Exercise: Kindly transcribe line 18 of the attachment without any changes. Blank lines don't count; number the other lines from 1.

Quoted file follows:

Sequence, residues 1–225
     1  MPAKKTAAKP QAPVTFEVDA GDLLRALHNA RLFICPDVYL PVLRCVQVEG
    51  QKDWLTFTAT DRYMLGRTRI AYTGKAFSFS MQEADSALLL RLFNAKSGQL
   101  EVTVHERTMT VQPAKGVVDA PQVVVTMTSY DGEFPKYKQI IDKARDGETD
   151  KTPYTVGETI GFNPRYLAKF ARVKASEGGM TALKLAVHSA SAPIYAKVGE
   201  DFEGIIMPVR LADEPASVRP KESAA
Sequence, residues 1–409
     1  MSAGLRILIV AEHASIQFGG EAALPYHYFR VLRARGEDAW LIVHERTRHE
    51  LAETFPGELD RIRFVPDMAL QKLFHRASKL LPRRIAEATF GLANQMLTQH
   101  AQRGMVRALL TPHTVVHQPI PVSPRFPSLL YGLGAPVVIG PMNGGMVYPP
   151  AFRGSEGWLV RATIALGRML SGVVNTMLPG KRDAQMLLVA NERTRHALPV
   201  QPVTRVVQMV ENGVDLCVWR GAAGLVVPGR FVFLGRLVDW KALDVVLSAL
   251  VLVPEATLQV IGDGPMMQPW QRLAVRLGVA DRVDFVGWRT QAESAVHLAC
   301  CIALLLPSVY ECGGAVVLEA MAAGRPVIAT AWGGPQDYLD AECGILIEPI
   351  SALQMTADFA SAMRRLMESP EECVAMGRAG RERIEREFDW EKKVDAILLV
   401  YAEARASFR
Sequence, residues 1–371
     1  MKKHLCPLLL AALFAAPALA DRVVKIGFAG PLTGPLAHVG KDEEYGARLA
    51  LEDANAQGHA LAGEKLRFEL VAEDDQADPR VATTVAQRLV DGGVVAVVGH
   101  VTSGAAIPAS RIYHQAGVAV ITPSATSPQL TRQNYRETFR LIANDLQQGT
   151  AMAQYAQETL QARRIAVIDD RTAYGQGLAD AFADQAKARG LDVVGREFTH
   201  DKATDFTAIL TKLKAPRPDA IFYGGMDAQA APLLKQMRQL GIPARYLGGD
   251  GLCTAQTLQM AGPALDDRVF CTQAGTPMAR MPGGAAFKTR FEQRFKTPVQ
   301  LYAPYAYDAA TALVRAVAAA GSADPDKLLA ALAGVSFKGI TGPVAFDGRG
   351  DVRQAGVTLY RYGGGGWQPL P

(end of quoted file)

     1  MKKHLCPLLL AALFAAPALA DRVVKIGFAG PLTGPLAHVG KDEEYGARLA